Around age 8 we were referred to a Genetics specialist. The geneticist found her case to be very interesting. He wanted to do genetic testing but that would require our insurance to approve it. Initially it was turned down but the PCP and the geneticist both contacted them to explain how much cheaper it would be to do the test compared to all the other tests they would need to do to rule everything out. The long wait began.

Around this time we returned to the ENT because she was still having issues. They referred her to a Pulmonary specialist in Grand Rapids for another sleep study. We found out that she still had sleep apnea. At this point she was put on a CPAP machine.

Shortly after turning 9 is when the insurance finally approved genetic testing. So, we returned to the Geneticist. They did some measurements and were concerned because her head growth since the previous year was much more than it should have been. He said he had a good idea what the results were going to be but he didn't want to say anything just in case he was wrong.

Shortly after this we got Kierstyn into a counselor to see if they could help with the issues she was still having at school (the CPAP helped with her tiredness but that was about all). After a couple months the counselor recommended testing for ADHD. So we went to her PCP and had the testing done. It turns out that she has ADHD and ODD.

At this time we finally got the call back on the genetic testing. It was determined that she had a somatic mutation in the PIK3CA gene which caused her to have Megalencephaly Cutis Marmorata Telangiectatica Congenita. The geneticist wanted a brain MRI done right away.  Luckily the MRI didn't show anything worrisome.

We returned to the geneticist so he could further explain the diagnosis to us. After years of wondering why Kierstyn had one thing after the next wrong with her (seemingly unconnected) We finally found out that it is connected and can be caused by M-CM. Also, even though it seems like she has it so bad she is actually lucky because she really only had a mild case of it compared to what it could be.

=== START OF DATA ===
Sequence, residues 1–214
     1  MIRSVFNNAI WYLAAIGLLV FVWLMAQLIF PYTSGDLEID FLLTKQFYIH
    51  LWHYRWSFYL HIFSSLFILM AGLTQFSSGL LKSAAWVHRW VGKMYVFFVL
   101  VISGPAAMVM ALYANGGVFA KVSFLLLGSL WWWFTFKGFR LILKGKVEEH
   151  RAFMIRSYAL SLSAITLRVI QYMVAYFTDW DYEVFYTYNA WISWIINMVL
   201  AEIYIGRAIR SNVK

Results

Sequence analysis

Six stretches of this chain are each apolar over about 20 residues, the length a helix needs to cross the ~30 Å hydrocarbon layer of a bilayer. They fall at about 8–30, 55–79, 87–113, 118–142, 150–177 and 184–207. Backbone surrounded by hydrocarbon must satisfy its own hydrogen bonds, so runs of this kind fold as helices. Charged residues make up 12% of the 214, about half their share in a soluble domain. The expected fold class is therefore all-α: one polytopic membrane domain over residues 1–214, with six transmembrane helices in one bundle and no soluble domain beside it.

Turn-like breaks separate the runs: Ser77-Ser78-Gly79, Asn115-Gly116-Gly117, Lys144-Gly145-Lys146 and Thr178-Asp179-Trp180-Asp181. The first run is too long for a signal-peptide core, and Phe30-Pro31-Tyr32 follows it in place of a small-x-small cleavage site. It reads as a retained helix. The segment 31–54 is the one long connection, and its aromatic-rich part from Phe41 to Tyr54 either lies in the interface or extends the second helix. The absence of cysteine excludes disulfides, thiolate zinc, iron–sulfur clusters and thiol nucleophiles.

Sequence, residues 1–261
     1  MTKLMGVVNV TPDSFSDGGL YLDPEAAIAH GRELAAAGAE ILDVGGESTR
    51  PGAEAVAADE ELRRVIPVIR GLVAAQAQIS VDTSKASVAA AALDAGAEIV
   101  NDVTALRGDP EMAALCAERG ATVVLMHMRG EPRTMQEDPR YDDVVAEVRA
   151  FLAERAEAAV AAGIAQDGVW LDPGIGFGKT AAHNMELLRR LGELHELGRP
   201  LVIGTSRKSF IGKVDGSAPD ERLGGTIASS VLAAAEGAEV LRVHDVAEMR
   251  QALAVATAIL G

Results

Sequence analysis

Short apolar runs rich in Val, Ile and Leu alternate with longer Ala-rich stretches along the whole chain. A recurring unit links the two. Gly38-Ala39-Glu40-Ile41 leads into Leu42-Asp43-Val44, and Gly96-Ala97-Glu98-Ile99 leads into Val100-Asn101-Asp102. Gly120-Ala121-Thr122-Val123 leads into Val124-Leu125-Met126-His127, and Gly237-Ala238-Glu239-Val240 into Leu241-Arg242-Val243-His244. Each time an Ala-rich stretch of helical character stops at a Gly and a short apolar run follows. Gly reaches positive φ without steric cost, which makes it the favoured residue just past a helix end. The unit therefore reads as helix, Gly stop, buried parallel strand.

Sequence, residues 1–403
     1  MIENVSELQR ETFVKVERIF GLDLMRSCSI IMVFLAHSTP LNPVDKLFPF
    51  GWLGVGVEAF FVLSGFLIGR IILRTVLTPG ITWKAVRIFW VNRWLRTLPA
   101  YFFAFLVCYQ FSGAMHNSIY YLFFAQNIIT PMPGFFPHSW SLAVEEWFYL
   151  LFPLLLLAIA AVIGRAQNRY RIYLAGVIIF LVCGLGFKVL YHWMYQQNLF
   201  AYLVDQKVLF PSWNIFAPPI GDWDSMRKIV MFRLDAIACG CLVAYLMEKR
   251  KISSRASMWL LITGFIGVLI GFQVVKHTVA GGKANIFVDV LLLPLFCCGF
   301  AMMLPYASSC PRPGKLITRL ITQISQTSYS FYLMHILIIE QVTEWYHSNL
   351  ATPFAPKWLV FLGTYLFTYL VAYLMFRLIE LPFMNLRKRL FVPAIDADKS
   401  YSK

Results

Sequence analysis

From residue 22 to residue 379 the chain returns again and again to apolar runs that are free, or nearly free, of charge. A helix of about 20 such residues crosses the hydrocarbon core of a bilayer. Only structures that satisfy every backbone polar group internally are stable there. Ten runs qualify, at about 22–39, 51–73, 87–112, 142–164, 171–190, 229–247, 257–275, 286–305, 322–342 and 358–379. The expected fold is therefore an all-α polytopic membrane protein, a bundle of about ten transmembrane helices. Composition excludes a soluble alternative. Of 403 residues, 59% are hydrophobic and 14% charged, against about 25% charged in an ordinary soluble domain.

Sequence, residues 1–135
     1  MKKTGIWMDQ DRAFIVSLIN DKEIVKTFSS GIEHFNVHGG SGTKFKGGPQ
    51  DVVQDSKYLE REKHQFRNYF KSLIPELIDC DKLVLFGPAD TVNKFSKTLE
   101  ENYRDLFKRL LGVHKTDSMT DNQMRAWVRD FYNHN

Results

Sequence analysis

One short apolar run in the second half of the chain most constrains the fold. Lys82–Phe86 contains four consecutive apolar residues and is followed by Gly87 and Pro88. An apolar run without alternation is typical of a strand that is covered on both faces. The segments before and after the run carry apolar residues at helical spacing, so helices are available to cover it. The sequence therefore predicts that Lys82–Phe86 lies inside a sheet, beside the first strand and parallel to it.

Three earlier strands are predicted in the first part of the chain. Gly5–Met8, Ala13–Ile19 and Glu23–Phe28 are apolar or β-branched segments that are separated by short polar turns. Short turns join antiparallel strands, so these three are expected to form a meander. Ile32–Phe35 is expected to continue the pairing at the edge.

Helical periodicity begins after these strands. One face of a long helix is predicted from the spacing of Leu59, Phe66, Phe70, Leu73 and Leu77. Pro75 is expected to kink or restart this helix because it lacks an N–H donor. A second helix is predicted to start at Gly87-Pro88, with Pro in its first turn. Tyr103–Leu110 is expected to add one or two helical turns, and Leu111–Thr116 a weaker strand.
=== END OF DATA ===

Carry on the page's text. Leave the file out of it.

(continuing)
Even though M-CM is scary in so many ways, finally having an answer for everything is really very liberating. I know she will continue to have many doctor's appointments and tests for the rest of her life but at least now we know what we are dealing with. 

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About Heidi Heidi Frost lives in the United Kingdom. She is married with three children. The eldest, Jack, was pre-natally diagnosed with profound disabilities when Heidi was 28 weeks pregnant, although he was 8 years old before he was correctly diagnosed with M-CM. Jack is now 17.

Heidi is a full time Mum to Jack and his siblings, and spends her time caring for Jack, attending medical appointments and negotiating the minefield of obtaining necessary services for her son.

Heidi created a website about Jack in 2005 and found that telling Jack’s story was an incredibly positive and healing experience and she is looking forward to assisting other M-CM families to do the same. In her spare time she enjoys writing about her life with Jack on her website and spending time with her husband and children.